What do patterns from the past and present say about your school’s enrollment picture in the future? Findings from the 2020–2021 NAIS Trendbook indicate that between the economy and the COVID-19 pandemic, several challenges lie ahead. Studying the following trends can help you influence that future through strategic enrollment management discussions based on data.
1. The COVID-induced drop in consumer confidence points to a fundamental challenge for independent schools.
As confidence in overall economic conditions rises or falls, so does the likelihood that families will take on or forego major purchases — such as an independent school education. One indicator of how families feel is the Conference Board’s widely used Consumer Confidence Index. It’s a monthly probe of consumers’ views on current economic conditions and how they expect those conditions and their family income to change in six months.
The index makes it clear that the COVID-19 crisis has left the public’s confidence badly shaken. Between March and April 2020, the index saw the largest drop ever. In just a month’s time, the public was less than half as confident about the state of the economy. Consumers did report feeling hopeful that business and employment conditions, as well as their total family income, would improve as businesses reopened. But despite a slight rebound in June, the index slumped again over the summer. As the pandemic approached the six-month mark in September, Forbes published an article with the vivid headline “Consumer Confidence Is Still in the Dumpster.”
Past trends on recession-affected consumer confidence suggest that it could be several years before confidence returns to its highest points from 2018. That signals that independent schools will need to evaluate their markets and be crystal clear about their value propositions to convince families that the cost of attendance is worth sacrificing for.
Related questions: How have your school’s current and potential families been affected by the crisis? In what ways can you increase their confidence that your school merits the necessary investment by focusing on what families most want and need?
2. A previous economic crisis suggests that schools will face major changes in their admissions funnel.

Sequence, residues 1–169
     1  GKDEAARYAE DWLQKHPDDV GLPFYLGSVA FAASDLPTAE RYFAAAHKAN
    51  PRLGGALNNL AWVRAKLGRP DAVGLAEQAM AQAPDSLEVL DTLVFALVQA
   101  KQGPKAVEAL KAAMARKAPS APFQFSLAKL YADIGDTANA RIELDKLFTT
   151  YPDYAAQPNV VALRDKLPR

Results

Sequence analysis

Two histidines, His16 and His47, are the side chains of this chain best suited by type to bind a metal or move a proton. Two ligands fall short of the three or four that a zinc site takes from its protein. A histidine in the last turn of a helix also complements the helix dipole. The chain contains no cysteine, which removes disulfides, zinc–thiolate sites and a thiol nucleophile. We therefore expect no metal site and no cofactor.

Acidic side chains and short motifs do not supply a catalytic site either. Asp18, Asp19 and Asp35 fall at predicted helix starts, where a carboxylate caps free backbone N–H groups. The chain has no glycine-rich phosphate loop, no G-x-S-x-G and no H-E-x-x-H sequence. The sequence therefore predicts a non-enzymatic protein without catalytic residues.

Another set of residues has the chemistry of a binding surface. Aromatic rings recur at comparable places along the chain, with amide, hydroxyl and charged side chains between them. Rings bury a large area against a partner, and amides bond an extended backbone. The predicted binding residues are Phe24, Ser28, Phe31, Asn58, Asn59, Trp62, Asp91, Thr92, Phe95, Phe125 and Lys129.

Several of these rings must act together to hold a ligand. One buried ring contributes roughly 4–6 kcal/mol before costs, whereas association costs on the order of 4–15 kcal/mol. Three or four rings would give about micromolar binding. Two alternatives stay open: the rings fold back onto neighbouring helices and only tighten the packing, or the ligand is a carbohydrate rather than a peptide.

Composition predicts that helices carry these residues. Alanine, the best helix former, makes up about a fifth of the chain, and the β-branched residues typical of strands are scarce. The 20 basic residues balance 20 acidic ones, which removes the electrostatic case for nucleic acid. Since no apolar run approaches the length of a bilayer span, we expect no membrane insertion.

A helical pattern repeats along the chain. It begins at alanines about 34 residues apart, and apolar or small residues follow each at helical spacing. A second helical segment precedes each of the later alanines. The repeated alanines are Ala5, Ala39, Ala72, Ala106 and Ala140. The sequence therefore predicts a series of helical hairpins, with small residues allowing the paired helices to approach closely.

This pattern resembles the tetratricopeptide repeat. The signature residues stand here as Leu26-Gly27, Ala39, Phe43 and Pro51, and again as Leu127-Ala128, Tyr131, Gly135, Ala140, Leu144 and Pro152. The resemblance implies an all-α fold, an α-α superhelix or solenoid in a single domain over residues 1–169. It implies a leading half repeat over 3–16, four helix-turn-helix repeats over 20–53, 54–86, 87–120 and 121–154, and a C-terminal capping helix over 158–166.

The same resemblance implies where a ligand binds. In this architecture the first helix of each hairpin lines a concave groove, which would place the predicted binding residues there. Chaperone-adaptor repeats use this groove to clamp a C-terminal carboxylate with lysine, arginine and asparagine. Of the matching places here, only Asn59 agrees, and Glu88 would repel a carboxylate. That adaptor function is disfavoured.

To help schools see what the current crisis could mean for them, the Trendbook looked at what happened during the Great Recession of 2007–2009 and its aftermath. During that period, just over half of NAIS schools experienced enrollment declines. Fifty-four percent of schools reported application decreases, and many saw drops of more than 15% in applications.
At the same time, schools admitted a higher percentage of applicants. The median acceptance rate grew by 7 percentage points from 2004–2005 to 2009–2010. Not surprisingly, schools with higher application declines tended to increase their acceptance rates more than their counterparts.
How long did these changes last? Applications rebounded slightly between 2009–2010 and 2014–2015, but they have not returned to their pre-Great Recession levels. Acceptance rates have also remained elevated, although they haven’t grown a great deal since their recession peak.
To make up for lower numbers of domestic applications during the Great Recession, schools ramped up international recruitment. More than half of NAIS schools (52%) recruited at least one F-1 Visa international student between 2005–2015. The total number of international students grew from almost 14,000 in 2005 to more than 31,300 in 2017 — a 126% increase.
The growth rate in international student enrollment has decelerated since 2012 and was especially evident in 2017. Visa restrictions, concerns over xenophobia, and increased competition from other countries seeking to enroll international students have made it more difficult and less appealing for them to study in the United States. The uncertainty brought on by COVID-19 will no doubt worsen the challenges, which will make schools that depend heavily on this market vulnerable.
Related questions: How has your school’s enrollment changed during the coronavirus crisis? Which particular groups are applying or enrolling in significantly smaller numbers? What short-, medium-, and long-term steps can you take to stabilize the pipeline?
3. Small schools that focus on young students may face high attrition levels.
Between 2004–2005 and 2009–2010, the median attrition rate increased from 7.1% to 8.2% among all schools. This change was driven entirely by voluntary departures, since median dismissals went down at the same time. As the Trendbook notes, “It seems plausible that increasing tuition levels combined with the recession’s economic effects played a role in these changes.”
Attrition rate changes varied across school demographics. Smaller schools were more likely to experience larger increases in attrition. In addition, lower schools experienced larger changes in attrition rates than K–12 schools. These changes may have more to do with school size than grade level. K–12 schools tend to be much larger than either schools that serve elementary grades only or schools that serve secondary grades only, with a median enrollment of 713 compared to just over 300 for only-lower and only-upper schools.
Related questions: What attrition trends are you seeing by grade levels and by demographic characteristics, such as race and ethnicity? What can you do to lower attrition by planning for both the short and the long term?
NAIS members can get additional timely insights from Snapshot Surveys, which report on topics related to admissions, enrollment, and other areas of independent schools that are affected by the pandemic. Link: https://www.nais.org/articles/pages/member/research/nais-snapshot-survey
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